US8598297B2 (en) 2004-10-25 2013-12-03 Dow Global Technologies Llc Prepolymers made from hydroxymethyl-containing polyester polyols derived from fatty acids
US20080096995A1 (en) * 2004-10-25 2008-04-24 Erdem Bedri Prepolymers Made From Hydroxymethyl-Containing Polyester Polyols Derived From Fatty Acids
US20100093767A1 (en) * 2004-12-03 2010-04-15 Takeda San Diego, Inc. Mitotic Kinase Inhibitors
US20060124225A1 (en) * 2004-12-15 2006-06-15 Ziyan Wu System for bonding glass into a structure
US7708853B2 (en) 2004-12-15 2010-05-04 Dow Global Technologies Inc. System for bonding glass into a structure
US20060270807A1 (en) * 2005-05-31 2006-11-30 Zhu Huide D Polyurethane sealant compositions having primerless to paint and glass properties
WO2006130592A1 (en) * 2005-05-31 2006-12-07 Dow Global Technologies, Inc. Polyurethane sealant compositions having primerless to paint and glass properties
CN101228246B (en) 2005-05-31 2011-12-07 陶氏环球技术有限责任公司 No paint primer on the glass article and polyurethane sealant composition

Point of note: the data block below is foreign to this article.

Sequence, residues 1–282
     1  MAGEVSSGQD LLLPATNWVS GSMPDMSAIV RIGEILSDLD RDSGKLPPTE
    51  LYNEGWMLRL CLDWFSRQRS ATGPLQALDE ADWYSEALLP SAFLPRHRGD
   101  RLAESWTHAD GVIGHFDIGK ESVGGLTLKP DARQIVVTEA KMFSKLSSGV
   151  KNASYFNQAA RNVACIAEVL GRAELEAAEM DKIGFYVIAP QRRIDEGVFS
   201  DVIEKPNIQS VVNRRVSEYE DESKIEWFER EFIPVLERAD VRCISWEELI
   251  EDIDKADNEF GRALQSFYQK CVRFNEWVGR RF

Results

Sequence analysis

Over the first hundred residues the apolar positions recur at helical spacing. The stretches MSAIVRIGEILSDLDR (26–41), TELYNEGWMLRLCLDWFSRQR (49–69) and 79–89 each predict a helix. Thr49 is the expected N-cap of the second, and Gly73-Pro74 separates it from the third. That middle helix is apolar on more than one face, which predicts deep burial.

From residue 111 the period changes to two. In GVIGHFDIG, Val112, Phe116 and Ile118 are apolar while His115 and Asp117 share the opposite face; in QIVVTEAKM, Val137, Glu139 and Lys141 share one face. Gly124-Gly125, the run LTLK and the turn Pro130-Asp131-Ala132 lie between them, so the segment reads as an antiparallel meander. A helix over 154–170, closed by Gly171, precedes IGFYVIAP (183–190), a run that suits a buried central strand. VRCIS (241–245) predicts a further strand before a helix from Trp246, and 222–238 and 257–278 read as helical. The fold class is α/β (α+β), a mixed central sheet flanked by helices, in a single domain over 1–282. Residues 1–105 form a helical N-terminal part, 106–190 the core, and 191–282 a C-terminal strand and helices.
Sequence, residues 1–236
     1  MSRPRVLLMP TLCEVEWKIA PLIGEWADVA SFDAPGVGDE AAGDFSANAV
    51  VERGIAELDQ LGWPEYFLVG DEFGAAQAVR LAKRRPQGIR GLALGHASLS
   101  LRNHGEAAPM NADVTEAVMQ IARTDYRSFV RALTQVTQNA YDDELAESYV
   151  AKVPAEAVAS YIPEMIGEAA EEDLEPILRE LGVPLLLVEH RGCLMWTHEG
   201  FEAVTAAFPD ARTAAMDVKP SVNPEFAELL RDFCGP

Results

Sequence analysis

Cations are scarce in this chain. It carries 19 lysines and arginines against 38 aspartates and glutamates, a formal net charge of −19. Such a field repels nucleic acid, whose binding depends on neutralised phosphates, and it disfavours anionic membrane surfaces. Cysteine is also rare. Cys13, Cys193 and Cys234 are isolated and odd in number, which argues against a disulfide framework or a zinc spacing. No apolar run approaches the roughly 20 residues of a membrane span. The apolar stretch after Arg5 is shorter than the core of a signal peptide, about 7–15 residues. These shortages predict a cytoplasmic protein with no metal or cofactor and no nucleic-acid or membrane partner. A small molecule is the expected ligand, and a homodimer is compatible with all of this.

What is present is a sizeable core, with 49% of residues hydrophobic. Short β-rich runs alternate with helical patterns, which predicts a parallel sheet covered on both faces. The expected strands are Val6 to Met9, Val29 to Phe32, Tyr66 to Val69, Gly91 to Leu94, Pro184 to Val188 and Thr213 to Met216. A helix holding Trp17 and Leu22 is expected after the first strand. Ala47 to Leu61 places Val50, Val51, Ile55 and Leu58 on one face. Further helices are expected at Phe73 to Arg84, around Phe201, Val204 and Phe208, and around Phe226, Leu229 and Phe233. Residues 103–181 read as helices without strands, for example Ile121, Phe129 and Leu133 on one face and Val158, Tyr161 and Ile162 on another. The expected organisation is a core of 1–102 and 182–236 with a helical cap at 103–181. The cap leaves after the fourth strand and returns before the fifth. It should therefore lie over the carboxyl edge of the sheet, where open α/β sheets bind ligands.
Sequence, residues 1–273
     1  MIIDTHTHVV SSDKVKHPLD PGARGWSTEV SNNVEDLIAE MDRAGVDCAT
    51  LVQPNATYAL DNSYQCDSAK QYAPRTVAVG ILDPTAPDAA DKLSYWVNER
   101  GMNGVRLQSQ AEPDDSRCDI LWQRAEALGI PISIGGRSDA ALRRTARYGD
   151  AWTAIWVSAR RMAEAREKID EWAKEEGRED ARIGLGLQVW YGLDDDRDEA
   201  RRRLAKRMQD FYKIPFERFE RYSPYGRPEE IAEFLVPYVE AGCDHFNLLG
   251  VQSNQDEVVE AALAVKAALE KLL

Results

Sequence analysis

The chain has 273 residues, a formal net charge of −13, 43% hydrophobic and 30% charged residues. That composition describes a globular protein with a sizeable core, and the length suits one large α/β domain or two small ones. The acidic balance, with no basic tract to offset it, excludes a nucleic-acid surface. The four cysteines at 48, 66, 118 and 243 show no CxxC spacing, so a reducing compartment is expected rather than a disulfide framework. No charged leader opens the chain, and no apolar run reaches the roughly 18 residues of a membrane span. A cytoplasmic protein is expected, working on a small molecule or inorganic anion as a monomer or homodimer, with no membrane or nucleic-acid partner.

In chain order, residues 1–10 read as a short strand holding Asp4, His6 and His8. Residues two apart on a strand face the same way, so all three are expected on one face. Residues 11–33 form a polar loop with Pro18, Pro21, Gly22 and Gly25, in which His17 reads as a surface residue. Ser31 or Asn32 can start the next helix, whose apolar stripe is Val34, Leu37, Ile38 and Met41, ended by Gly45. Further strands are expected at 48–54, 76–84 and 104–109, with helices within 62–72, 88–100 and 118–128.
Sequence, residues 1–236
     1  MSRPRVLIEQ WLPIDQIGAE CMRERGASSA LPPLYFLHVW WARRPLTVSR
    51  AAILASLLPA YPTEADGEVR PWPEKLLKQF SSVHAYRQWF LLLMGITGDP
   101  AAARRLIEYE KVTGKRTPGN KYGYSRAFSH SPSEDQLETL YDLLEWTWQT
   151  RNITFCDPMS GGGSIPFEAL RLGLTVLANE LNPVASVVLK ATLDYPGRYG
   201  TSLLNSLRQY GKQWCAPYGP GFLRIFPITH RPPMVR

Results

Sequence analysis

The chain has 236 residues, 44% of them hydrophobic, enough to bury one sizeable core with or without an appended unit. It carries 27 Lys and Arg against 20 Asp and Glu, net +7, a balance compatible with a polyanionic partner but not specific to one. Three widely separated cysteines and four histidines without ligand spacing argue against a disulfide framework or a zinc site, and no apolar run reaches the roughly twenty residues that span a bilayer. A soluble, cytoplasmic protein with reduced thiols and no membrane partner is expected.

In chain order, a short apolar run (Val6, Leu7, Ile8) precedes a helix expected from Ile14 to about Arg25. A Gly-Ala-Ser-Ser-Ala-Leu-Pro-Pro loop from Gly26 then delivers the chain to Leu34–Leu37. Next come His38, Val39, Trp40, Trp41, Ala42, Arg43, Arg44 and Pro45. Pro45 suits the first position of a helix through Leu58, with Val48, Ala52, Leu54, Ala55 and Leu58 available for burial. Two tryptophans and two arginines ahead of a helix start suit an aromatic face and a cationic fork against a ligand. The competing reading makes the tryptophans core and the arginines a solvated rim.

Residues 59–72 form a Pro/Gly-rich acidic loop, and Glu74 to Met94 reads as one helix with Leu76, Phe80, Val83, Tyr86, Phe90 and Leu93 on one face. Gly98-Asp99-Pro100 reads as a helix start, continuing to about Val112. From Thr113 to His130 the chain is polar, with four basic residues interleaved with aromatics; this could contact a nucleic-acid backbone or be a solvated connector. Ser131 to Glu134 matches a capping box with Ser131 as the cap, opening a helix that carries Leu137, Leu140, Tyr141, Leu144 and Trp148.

US7781493B2 (en) 2005-06-20 2010-08-24 Dow Global Technologies Inc. Protective coating for window glass
US20070151178A1 (en) * 2005-06-20 2007-07-05 Baikerikar Kiran K Coated glass articles
US8273801B2 (en) 2005-06-20 2012-09-25 Dow Global Technologies Llc Protective coating for window glass
US7786183B2 (en) 2005-06-20 2010-08-31 Dow Global Technologies Inc. Coated glass articles
US20070043198A1 (en) * 2005-08-17 2007-02-22 Construction Research & Technology Gmbh Paintable two-component polyurethane sealant
US20070093628A1 (en) * 2005-10-25 2007-04-26 Zhu Huide D Silane functional prepolymer and isocyanate functional prepolymer blend based adhesive composition
US7345130B2 (en) 2005-10-25 2008-03-18 Dow Global Technologies Inc. Silane functional prepolymer and isocyanate functional prepolymer blend based adhesive composition
US7998466B2 (en) 2005-12-06 2011-08-16 Tyco Healthcare Group Lp Biocompatible tissue sealants and adhesives
US7947263B2 (en) 2005-12-06 2011-05-24 Tyco Healthcare Group Lp Biocompatible surgical compositions
US20070128153A1 (en) * 2005-12-06 2007-06-07 Tyco Healthcare Group Lp Biocompatible surgical compositions
US7910129B2 (en) 2005-12-06 2011-03-22 Tyco Healthcare Group Lp Carbodiimide crosslinking of functionalized polyethylene glycols
US7858078B2 (en) 2005-12-06 2010-12-28 Tyco Healthcare Group Lp Bioabsorbable surgical composition